The British financier Amanda Staveley has lost her £1.6 billion legal battle against lender Barclays despite a judge finding the bank guilty of "serious deceit" over an investment deal with Qatar at the height of the global financial crisis.
Ms Staveley, 47, said she had been vindicated over claims that senior bosses at the bank lied to her during a 2008 fund-raising operation to secure the ailing bank’s future out of UK government control.
But a High Court judge found that Ms Staveley’s company PCP Capital Partners would have been unable to raise enough money to be part of the rescue plan and said she was not entitled to damages.
“I can understand why this outcome will be a serious disappointment to PCP, especially after I have found Barclays to be guilty of serious deceit,” said Mr Justice Waksman in the ruling.
The case concludes a 13-year saga that started with the bank desperate to stave off government control during the financial crisis. The fallout from the deal landed executives in the dock of a criminal court in a case that exposed sexism and bad behaviour in the City of London.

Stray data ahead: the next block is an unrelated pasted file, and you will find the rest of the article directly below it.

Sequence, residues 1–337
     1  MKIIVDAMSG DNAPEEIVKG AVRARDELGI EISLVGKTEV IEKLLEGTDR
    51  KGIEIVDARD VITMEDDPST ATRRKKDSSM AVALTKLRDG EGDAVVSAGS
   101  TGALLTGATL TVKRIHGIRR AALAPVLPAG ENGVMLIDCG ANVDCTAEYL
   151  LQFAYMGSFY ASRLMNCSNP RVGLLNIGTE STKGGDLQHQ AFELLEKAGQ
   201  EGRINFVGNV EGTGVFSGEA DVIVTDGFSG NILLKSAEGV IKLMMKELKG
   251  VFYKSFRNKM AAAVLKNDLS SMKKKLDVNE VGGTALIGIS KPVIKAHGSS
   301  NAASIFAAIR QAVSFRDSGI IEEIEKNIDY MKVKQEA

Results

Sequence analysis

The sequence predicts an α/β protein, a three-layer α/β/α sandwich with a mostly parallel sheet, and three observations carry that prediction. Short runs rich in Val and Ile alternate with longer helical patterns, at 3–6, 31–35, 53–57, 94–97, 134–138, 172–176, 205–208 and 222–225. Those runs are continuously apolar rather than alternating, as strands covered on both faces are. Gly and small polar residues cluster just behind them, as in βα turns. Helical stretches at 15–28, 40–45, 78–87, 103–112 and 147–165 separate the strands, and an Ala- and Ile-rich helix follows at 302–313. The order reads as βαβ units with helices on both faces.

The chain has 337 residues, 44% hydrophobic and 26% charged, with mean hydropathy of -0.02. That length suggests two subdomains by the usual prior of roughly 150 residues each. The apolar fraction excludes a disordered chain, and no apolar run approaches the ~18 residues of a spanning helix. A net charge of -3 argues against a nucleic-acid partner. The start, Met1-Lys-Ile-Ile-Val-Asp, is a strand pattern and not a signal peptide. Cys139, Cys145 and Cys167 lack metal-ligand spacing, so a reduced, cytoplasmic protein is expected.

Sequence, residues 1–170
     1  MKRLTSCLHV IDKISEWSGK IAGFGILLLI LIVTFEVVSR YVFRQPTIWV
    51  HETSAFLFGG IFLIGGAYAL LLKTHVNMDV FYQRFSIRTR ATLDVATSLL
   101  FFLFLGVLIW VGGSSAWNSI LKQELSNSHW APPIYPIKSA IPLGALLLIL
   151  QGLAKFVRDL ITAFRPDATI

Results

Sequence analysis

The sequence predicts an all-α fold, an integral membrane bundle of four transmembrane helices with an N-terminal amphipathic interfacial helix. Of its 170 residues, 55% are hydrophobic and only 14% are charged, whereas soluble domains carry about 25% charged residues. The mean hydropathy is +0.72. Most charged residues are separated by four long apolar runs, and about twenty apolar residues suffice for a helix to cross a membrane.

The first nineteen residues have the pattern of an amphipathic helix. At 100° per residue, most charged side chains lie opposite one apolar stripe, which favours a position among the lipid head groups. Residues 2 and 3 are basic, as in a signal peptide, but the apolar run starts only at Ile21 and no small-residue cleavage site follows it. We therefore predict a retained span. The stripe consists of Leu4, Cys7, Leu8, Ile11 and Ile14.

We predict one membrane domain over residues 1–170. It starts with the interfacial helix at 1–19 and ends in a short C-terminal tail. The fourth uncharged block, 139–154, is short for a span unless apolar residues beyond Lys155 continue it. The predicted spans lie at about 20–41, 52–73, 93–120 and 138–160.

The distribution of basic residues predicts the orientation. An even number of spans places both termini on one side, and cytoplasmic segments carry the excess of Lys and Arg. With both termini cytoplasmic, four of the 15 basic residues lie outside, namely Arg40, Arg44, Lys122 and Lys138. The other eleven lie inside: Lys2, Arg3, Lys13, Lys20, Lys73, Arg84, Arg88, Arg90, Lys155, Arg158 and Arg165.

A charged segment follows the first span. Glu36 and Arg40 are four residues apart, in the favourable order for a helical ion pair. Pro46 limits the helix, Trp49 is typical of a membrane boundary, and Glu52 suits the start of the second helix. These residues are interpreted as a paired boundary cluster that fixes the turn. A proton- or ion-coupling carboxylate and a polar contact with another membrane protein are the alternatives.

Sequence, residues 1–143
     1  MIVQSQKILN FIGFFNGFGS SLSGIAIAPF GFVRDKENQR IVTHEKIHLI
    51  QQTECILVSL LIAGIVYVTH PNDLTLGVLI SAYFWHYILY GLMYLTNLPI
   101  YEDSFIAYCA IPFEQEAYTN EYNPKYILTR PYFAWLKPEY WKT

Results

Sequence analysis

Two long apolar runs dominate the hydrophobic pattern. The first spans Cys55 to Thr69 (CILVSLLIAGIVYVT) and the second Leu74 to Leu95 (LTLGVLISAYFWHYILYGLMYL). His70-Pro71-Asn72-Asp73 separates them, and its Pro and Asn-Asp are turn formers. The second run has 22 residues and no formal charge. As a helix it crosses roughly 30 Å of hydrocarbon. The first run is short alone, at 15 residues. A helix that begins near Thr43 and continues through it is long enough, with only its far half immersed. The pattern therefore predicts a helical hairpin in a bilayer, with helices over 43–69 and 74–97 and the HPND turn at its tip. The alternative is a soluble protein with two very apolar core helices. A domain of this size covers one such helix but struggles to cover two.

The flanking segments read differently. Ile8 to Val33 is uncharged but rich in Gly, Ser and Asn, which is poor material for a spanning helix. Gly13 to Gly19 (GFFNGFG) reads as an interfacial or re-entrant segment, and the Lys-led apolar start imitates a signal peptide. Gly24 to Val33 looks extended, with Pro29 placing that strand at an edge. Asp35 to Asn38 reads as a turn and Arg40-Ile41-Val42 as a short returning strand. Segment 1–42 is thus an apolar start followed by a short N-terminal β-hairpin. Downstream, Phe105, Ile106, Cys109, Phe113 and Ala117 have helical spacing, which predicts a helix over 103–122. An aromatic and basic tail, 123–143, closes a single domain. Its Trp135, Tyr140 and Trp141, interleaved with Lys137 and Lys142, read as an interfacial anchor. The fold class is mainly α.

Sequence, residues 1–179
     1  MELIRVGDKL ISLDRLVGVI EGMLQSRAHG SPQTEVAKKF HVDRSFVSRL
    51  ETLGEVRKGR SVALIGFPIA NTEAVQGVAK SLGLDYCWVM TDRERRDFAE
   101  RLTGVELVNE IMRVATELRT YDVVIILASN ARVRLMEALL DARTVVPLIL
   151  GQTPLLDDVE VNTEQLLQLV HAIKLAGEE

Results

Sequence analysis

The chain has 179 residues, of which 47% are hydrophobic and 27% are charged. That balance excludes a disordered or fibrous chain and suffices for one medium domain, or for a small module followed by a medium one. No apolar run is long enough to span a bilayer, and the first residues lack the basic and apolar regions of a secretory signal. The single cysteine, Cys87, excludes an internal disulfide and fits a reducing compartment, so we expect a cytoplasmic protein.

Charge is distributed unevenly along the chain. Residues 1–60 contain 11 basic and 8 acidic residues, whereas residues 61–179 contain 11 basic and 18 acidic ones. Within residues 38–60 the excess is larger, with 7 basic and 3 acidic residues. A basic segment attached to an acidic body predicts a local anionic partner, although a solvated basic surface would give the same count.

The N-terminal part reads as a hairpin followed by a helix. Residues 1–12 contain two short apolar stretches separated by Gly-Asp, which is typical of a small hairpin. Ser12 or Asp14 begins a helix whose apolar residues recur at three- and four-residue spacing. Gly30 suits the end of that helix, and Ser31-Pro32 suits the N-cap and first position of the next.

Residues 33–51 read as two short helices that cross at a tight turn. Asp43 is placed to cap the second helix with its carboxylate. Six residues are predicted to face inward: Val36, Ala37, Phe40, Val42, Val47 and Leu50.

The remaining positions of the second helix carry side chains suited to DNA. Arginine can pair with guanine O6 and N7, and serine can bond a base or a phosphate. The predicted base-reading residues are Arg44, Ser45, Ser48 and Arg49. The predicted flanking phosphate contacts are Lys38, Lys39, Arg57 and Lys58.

The bank was accused of giving preferential rates to Qatari investors to ensure their involvement in a fund-raising operation to secure the bank’s future.
The bankers, including Middle East investment chief Roger Jenkins, were cleared of criminal wrongdoing in February last year, clearing the stage for a new battle between the bank and Ms Staveley.
Ms Staveley said she was considering an appeal against the ruling.
“The judgment confirms what I have said from the outset and repeated in my evidence; a senior executive at Barclays repeatedly lied to me when seeking private investment in the bank during the 2008 financial crisis,” she said.
“I will be taking advice on appealing the Judge’s decision not to award damages.”
A Barclays Bank spokesman said: “We welcome the court’s decision to dismiss PCP’s claim in its entirety and award it no damages.”